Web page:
Bayside-area residents say they are getting fed up with what they believe to be unfair tax increases on co-ops and condos throughout northeast Queens.
“They look at it as they might as well buy a house, which is a larger down payment, than come here and pay enormous amounts in taxes,” said John DePasquale, general manager at Alley Pond Owners Corp., a self-managed co-op in Bayside.
The unhappy apartment owners say this problem stems from Mayor Michael Bloomberg’s lack of action in pushing for a new state tax code that would eliminate the high tax increases on middle-class co-op and condo owners. They hope the next mayor will take action on the issue.
Warren Schreiber from the Presidents’ Co-ops & Condos Council, which represents more than 100,000 owners, said northeast Queens has been hit the hardest by the increased tax evaluations.
“There have been double-digit and in some cases triple-digit increases in tax evaluations,” said Schreiber.
The city Department of Finance lists private homes as Class 1 properties. This means their assessed value, which is set at six percent of the property’s market value, cannot be increased more than six percent a year.
However, co-ops and condos are listed in Class 2, along with rentals and other revenue streamed housing. Their assessment value is 45 percent of the property’s market value, and there is no cap on yearly assessment increases.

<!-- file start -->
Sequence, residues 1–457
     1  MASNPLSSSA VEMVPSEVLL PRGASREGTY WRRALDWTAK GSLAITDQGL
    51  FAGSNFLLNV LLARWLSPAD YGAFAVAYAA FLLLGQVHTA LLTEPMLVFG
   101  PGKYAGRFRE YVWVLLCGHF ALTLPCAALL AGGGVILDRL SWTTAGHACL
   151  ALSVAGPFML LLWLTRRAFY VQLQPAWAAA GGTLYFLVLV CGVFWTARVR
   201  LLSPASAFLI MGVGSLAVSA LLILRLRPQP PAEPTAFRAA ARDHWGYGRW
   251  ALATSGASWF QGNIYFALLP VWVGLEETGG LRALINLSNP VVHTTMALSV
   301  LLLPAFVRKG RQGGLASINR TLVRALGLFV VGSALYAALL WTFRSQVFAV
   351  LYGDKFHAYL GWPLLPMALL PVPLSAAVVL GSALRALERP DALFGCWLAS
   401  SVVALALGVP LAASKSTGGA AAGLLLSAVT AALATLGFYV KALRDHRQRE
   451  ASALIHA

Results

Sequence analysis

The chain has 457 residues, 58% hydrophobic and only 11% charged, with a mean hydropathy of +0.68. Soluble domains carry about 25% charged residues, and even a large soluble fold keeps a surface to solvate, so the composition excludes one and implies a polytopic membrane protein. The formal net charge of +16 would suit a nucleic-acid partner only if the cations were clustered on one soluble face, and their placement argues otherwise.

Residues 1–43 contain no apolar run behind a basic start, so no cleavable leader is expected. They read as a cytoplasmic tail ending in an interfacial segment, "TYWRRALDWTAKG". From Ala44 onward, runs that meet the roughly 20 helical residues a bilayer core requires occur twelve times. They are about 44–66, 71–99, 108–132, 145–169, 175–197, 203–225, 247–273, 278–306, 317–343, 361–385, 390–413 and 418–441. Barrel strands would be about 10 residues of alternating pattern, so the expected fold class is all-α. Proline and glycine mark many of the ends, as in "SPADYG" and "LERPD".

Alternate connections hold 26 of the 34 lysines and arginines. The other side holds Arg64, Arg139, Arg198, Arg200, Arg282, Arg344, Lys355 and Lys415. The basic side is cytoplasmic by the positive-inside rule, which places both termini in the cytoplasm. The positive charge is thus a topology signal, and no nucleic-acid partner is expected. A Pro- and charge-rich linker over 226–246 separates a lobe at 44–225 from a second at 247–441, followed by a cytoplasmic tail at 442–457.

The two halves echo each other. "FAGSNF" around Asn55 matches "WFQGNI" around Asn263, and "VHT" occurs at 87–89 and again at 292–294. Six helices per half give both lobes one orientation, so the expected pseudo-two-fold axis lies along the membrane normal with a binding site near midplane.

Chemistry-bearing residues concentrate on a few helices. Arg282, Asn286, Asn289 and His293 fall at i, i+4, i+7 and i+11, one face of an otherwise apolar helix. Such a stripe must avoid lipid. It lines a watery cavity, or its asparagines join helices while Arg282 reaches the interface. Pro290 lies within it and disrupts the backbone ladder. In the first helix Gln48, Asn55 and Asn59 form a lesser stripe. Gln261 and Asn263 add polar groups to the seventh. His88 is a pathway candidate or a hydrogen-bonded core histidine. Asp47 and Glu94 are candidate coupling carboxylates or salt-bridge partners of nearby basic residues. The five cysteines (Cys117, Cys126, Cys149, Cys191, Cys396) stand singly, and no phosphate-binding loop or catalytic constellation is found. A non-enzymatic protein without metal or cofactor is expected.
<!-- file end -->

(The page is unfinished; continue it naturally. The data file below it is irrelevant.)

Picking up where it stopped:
While the property tax code is a state law, it is up to the mayor to request changes to city tax classifications.
“Mayor Bloomberg and his predecessor Rudy Giuliani have always opposed changes in the classification system,” said State Senator Toby Ann Stavisky.
Stavisky said the property classification system for co-ops and condos is unfair and has led to inconsistencies in tax assessments throughout the city. She said she’s working closely with Assemblymember Edward Braunstein to address this issue.
“We’re just part of a middle class that continues to get squeezed harder and harder,” said Arthur Getzel, a teacher at P.S. 26. Getzel, 59, said many co-ops in the area have been forced to charge higher maintenance fees due to increased tax assessments.
Kevin O’Brien, a recently retired co-op owner at Bell Park Gardens, agreed that the tax situation is unfair.
“If you go to any other co-op development here, Windsor Park, Windsor Oak, Hollis Court, they’re all going to say the same thing,” said O’Brien, 43. “They don’t understand why we’re paying so much property tax for a small number of square feet.”
Others worry about the effect on older owners.
“I think the tax increases are going to push the elderly people out,” said Jennifer Santaniello, 48, of Hollis Court. “I don’t think they’re going to be able to afford to live in Queens.”
A co-op since 1983, Hollis Court currently houses 376 families, according to Santaniello, and 60 percent of its residents are elderly.
Schreiber said the city’s co-ops and condos house tens of thousands of working-class people who are the backbone of the city.
“What many people don’t understand,” said Schreiber, “is that without the money from the co-ops and condos, the city would go bankrupt.”